An award-winning author, editor and professor, Rick Wilber has produced short stories that are published often in Asimov’s Science Fiction magazine and elsewhere. His collection, Rambunctious: Nine Tales of Determination, will be out in hardcover and ebook editions in March 2020 from WordFire Press. Also from WordFire, the novella The Wandering Warriors (co-authored with Alan Smale) will be out in a hardcover and ebook editions in summer 2020. The short story, “False Bay,” will be included in the anthology Monsters, Movies & Mayhem from WordFire in July 2020, and the short stories “Ithaca,” (co-authored with Brad Aiken) and “The Hind,” (co-authored with Kevin J. Anderson) will also be out in summer and fall 2020 in Asimov’s Science Fiction magazine.
His novel, Alien Day: Notes from Holmanville, the second novel in his S’hudonni Trilogy from Tor Books, will be out in December 2020.
Wilber teaches in the low-residency MFA in Creative Writing at Western Colorado University, where he is Thesis Coordinator in the Genre Fiction track. His website can be found here.
Also, in the interest of full-disclosure, he was my newspaper adviser during my tenure as editor-in-chief of the USF Oracle sometime during the late 20th Century. Thanks for taking the time, Dr. Wilber!
How long have you been a writer?
Rick Wilber: I started writing in high school, back in the Midwest. I was a kid who played all the sports available at that prep school, and certainly thought of myself as an athlete. So when I started to write it was all about sports: football, baseball and basketball. I played all of those in high school and college. I wrote for the school paper in high school and for the little literary magazine, where I wrote poetry about sports.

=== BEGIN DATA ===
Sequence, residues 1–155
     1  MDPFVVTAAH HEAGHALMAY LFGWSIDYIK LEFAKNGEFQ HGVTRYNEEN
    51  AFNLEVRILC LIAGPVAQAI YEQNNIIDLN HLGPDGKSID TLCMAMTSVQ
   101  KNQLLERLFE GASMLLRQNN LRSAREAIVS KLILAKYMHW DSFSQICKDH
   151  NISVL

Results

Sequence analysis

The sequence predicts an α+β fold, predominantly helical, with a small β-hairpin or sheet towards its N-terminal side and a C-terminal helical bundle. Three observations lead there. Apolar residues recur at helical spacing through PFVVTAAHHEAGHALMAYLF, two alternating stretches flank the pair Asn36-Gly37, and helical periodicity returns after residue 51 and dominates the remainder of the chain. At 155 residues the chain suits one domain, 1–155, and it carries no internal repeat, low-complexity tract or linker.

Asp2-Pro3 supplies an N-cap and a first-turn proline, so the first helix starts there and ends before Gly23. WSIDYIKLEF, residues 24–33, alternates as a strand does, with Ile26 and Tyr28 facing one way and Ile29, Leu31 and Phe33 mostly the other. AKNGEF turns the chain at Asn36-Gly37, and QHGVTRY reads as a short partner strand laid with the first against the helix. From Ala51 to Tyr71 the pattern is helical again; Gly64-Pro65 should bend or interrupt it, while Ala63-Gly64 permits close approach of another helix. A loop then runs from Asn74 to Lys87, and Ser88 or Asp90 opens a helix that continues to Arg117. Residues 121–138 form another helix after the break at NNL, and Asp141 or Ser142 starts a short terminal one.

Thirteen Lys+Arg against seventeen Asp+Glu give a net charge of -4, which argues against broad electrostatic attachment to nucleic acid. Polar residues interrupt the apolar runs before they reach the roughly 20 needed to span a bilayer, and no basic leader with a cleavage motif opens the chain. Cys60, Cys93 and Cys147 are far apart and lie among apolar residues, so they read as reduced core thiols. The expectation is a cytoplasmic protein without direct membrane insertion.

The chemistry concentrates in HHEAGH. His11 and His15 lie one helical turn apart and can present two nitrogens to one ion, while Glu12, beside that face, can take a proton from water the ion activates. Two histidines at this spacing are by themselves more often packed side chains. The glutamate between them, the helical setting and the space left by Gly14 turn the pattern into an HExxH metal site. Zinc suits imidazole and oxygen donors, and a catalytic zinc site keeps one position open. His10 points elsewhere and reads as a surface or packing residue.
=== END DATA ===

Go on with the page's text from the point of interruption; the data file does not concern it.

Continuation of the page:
Then in college I started writing sports for the local newspapers, usually covering high-school basketball as a stringer, which meant paid by the game. It was a lot of fun and I certainly learned to meet my deadlines.
How did you know you wanted to be a writer?
Rick Wilber: From reading the sports pages in the local papers, where writing those sports stories looked like it would be a fun job. But I was a heavy reader of fiction, too, and had been since elementary school, mostly in science fiction and fantasy, but really all I could get my hands on, so Tom Swift Jr., the Hardy Boys, Nancy Drew, the Bobbsey Twins, Tom Corbett: Space Cadet, the Lucky Starr series by Paul French (a pseudonym, I found out later, for Isaac Asimov), juvenile novels by Robert Heinlein, and on and on. I read several books a week all through elementary school. Then, at some point in college or in grad school I began to think I’d try and write some fiction. As is typical, I had a lot of short-story rejections at first, but then one story sold, and then another, and I started writing fewer sports stories and more sf/f.
Are you a full-time writer? If not, what’s your day job that helps pay the bills? If yes, how do you keep the process fun instead of feeling like it’s…ugh…work?
Rick Wilber: I’ve never been a full-time freelance writer. As a sports journalist I gravitated toward newspaper and magazine work, and I started college teaching about then, too, so teaching and journalism paid the bills for me. I taught college journalism, too, for a long time and more recently I teach creative writing. I’m now a visiting professor in a very cool low-residency genre-fiction MFA program at Western Colorado University. Teaching and mentoring talented grad-study writers brings me great satisfaction and keeps my sharply attuned to the market even as it hones my own skills.
Do you have a family? How do you balance quality time with them and with your creative process?